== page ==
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Former World No. 1 Andy Roddick To Call It Quits After U.S. Open

The world’s former top-ranked player says he’s had enough and is calling it quits on his tennis career following the ongoing U.S. Open.

Andy Roddick, whose win at Flushing Meadows in 2003 ranks as the biggest in his career, made the stunning announcement Thursday, his 30th birthday.

“I’ll make this short and sweet: I’ve decided that this is going to be my last tournament,” he said. “I just feel like it’s time. I don’t know that I’m healthy enough or committed enough to go another year,” he said. “I’ve always wanted to, in a perfect world, finish at this event.”

Currently seeded 20th at the U.S. Open, Roddick, is scheduled to play 19-year-old Bernard Tomic of Australia in the second round Friday night at Arthur Ashe Stadium.

“I think I wanted an opportunity to say goodbye to people, as well. I don’t know how tomorrow’s going to go, and I hope it goes well, and I’m sticking around,” Roddick said.

Roddick’s win in New York nine years ago marked the last time an American man has won a Grand Slam singles title.

He said he’d “been thinking about (retirement) for a little bit,” and knew for sure after his 6-3, 6-4, 6-4 first-round victory over 21-year-old American Rhyne Williams on Tuesday.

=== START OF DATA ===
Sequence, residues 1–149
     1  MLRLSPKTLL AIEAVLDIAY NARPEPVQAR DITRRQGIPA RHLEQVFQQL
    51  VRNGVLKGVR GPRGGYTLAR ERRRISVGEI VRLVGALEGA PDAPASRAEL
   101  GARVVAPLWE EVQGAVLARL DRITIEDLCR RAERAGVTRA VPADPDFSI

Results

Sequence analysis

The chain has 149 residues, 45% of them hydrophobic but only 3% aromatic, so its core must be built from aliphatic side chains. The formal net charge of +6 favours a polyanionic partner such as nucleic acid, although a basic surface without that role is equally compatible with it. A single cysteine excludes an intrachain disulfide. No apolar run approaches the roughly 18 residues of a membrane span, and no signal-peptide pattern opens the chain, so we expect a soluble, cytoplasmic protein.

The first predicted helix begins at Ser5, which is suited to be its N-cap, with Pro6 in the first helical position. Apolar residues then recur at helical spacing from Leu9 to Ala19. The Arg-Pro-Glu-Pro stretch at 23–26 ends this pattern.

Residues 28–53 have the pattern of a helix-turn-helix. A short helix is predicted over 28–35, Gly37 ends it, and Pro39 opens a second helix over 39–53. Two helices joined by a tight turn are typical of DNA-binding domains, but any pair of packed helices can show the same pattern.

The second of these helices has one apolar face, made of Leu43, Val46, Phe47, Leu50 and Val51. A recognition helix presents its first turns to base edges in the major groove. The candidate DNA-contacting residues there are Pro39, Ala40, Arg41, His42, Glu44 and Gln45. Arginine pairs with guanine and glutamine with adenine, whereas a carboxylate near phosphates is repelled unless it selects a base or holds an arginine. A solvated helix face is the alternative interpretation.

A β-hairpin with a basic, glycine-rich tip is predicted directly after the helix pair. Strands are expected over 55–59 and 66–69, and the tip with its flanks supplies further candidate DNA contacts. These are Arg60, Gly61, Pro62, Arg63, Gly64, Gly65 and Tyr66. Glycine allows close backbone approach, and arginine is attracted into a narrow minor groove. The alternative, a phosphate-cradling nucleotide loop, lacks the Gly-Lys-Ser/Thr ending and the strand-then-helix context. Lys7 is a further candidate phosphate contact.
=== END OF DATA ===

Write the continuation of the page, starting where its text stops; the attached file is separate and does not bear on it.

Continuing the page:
“I’ve thought all year that I would know when I got to this tournament,” he said, “and when I played the first round, I knew.”

In addition to winning his U.S. Open trophy, Roddick also played in four other Grand Slam finals – three at Wimbledon and one at the U.S. Open – but lost to 17-time major champion Roger Federer each time. That included a 16-14 defeat in the fifth set at the All England Club in 2009, when Roddick was saluted by spectators who chanted his name at the end of the match.

Buoyed by a booming serve – he used to hold the record of 155 mph – and big forehand, Roddick is 610-212 (a .742 winning percentage) with 32 titles, including two this year at Atlanta and Eastbourne, England. He also helped the United States end a 12-year Davis Cup drought by winning the 2007 title.

Roddick’s announcement came one day after four-time major champion Kim Clijsters played the last singles match of her career, a second-round loss to Laura Robson at Flushing Meadows.

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